A Secular Christmas
By Yaron Brook (Washington Times, December 29, 2004)
The attempts around the country to eliminate the term "Christmas" are being perpetrated largely in the name of "political correctness"--to avoid offending anyone, particularly Muslims, whose beliefs would exclude them from any Christmas celebrations.
These efforts represent, not secularism, but the standard liberal, subjectivist philosophy of multiculturalism, which seeks to prohibit any "offensive" actions and words--and it is a philosophy that should be denounced.
Christmas can be celebrated as an entirely secular holiday, and public schools should therefore be permitted to do so. The prohibition against the endorsement of religion by governmental entities, however, is an entirely different matter: it is a Constitutional issue of separation of church and state. While public schools may celebrate Christmas, they have no right to make it into a religious observance, by featuring explicitly religious themes like the Nativity.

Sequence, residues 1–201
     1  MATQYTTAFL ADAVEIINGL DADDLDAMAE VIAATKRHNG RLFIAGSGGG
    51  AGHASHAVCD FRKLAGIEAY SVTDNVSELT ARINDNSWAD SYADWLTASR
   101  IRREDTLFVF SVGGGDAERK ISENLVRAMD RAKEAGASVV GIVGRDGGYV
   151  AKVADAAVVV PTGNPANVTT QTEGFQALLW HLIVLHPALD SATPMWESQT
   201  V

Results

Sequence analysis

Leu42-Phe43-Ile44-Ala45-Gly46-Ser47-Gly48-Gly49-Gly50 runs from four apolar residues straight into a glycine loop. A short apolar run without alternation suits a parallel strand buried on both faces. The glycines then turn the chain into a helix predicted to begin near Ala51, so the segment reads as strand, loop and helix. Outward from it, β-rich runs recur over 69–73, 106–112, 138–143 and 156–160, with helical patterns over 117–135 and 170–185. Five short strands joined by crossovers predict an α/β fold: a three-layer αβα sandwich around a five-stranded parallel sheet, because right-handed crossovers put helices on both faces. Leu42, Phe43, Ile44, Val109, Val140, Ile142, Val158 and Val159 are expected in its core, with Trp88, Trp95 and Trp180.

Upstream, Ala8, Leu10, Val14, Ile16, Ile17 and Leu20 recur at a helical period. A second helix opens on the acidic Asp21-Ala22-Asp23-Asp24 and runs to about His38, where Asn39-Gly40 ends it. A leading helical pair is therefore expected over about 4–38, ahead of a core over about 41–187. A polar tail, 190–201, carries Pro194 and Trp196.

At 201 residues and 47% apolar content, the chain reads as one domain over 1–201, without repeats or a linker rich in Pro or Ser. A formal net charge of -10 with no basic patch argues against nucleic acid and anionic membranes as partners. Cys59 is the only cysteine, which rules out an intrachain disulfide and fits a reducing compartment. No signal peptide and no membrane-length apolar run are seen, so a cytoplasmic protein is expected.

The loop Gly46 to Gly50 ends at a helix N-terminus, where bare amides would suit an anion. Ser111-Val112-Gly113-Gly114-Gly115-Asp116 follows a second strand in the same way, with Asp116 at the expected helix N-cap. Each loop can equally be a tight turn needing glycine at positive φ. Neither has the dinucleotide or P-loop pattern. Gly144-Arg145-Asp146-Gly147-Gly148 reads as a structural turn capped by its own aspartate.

The essential point that needs to be emphasized in this issue is that the separation of church and state is a principle that is not synonymous with the politically correct notion of showing "sensitivity" to everyone's beliefs. The government may--and should--engage in actions that offend certain viewpoints, such as the viewpoints that are hostile to freedom and individual rights; government must, however--in order to preserve freedom and individual rights--refrain from supporting religion.